Back in a June 5 minicamp practice, Dwayne Haskins threw a touchdown to Terry McLaurin. But this was no ordinary touchdown. It wasn't even an extraordinary touchdown.
It was honestly an extra extraordinary touchdown. In fact, if it happened during a real game, it would've counted for double points.
Unfortunately, the score came during a period of no filming, so none of the assembled media were able to get the highlight on camera. Tweets were sent, but the play deserved far more than the handful of characters on social media it received:
Luckily, a few weeks later, footage from that sequence has finally been released. You know how Taylor Swift will randomly drop a song and music video out of nowhere? This is like that, except it involves two Ohio State rookies making football magic instead of a bunch of veiled shots at other celebrities.
Here's the catch, which is still hard to process no matter how often you watch it:
If you really, really slow the clip down, it appears as if McLaurin reaches around cornerback Deion Harris, hauls in the ball with two hands right in front of the defender, then transfers it to his one hand while securing the grab. It's just insane.
There are almost no circumstances where it's acceptable to full-on spike a ball in minicamp. However, McLaurin mega-spiked it following this TD and deservedly so, too. Hopefully, next time he pulls something like this off, it'll be on a Sunday in front of plenty of cameras.
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Besides the quarterback competition between Case Keenum and rookie Dwayne Haskins, one of the biggest storylines from Redskins training camp will be whether the team and Pro Bowl right guard Brandon Scherff can agree on a contract extension before the start of the 2019 season.
On Monday, a report came out from 106.7 The Fan's Erin Hawksworth that Scherff has been offered multiple contract extensions from the Redskins, but "the two sides are far apart."
Scherff is entering the 2019 season on the last year of his rookie deal and set to be an unrestricted free agent at season's end.
The fifth-year guard will make a base salary of $12.5 million in 2019 after the Redskins picked up his fifth-year option a year ago as part of his rookie deal.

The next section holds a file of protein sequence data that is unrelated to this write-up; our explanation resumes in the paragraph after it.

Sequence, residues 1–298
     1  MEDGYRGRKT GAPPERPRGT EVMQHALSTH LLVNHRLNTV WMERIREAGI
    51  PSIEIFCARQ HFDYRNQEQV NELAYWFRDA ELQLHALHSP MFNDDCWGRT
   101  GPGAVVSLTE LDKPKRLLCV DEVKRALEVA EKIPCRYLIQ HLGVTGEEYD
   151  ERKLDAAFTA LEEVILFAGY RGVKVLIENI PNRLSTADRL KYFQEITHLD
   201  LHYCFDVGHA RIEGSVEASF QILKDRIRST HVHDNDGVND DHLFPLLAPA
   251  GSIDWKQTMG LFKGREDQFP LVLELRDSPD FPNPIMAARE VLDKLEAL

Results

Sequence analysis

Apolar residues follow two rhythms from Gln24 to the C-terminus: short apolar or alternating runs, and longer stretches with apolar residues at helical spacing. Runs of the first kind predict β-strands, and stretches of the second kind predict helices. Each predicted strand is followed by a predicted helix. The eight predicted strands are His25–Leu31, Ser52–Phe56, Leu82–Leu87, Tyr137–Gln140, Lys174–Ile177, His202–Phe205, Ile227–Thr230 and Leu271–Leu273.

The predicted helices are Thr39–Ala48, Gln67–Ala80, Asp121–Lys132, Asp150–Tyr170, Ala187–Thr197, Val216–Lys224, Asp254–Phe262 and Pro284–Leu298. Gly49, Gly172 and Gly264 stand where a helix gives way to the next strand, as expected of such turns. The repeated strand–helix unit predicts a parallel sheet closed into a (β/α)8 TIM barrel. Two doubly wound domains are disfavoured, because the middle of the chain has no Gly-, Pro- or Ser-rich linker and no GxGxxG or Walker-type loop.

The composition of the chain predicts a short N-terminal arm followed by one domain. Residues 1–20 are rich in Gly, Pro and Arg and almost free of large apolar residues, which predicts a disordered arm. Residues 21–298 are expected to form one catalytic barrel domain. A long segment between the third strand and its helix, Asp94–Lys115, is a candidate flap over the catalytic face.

Should Scherff hit the open market, he will be a hot commodity.
He may not receive a contract as big as Cowboys' guard Zack Martin did, but expect him to command close to top-market money. Martin received a six-year, $84 million deal in 2018 with $40 million guaranteed. A contract extension for Scherff could look something like the five-year, $66.5 million deal Jaguars' guard Andrew Norwell signed in 2018.
Besides tackle Trent Williams, Scherff is without a doubt the most important piece to the Redskins offensive line. With Williams currently holding out, Scherff's presence on the offensive line is even more important.
Scherff missed eight games a season ago with a torn pectoral muscle, and his absence was very visible.
One thing is for certain: if the Redskins are not willing to pay Scherff top-market money, barring something unexpected, he will certainly get it somewhere else. And no Redskins fan wants that.
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It's been a long road to recovery for Redskins quarterback Alex Smith after suffering a gruesome leg injury against the Houston Texans last November.
Following the original break, Smith's injury became infected, requiring more surgery and for him to wear an external fixator on his injured leg, a large metal, circular device that ran from his knee down to his foot with metal screws to hold bones in place.
Smith had been wearing the fixator for the past eight months, but on Monday, the brace was finally removed. Smith's wife, Elizabeth, posted on her Instagram account a picture of Smith holding the recently removed metal device.
"The last 8 months have been nothing short of crazy," Elizabeth Smith wrote on her Instagram. "Although it’s not over, today is a big milestone. We are shedding the weight Alex has been carrying (literally and figuratively). It’s one step closer to the goal. The resilience, determination and mental fortitude of this man is unmatched."
This is a major step in Smith's recovery process, as he still hopes to play football again.
"That's the plan," Smith said to NBC Sports Washington's JP Finlay of returning to the field. "I got to conquer some more steps before I get there."
But first, he must learn how to run and change direction again.
Earlier this summer, Smith was seen throwing passes at Redskins OTAs. He most certainly won't play in 2020, and his future on Washington has a lot to do with the success of rookie quarterback Dwayne Haskins, Washington's first-round pick in the 2019 NFL Draft.
While Smith won't help the Redskins on the field, don't be surprised if Smith has a positive role in the development of Haskins. A team captain in 2018, many of his teammates have praised Smith of the leadership he displayed a season ago.
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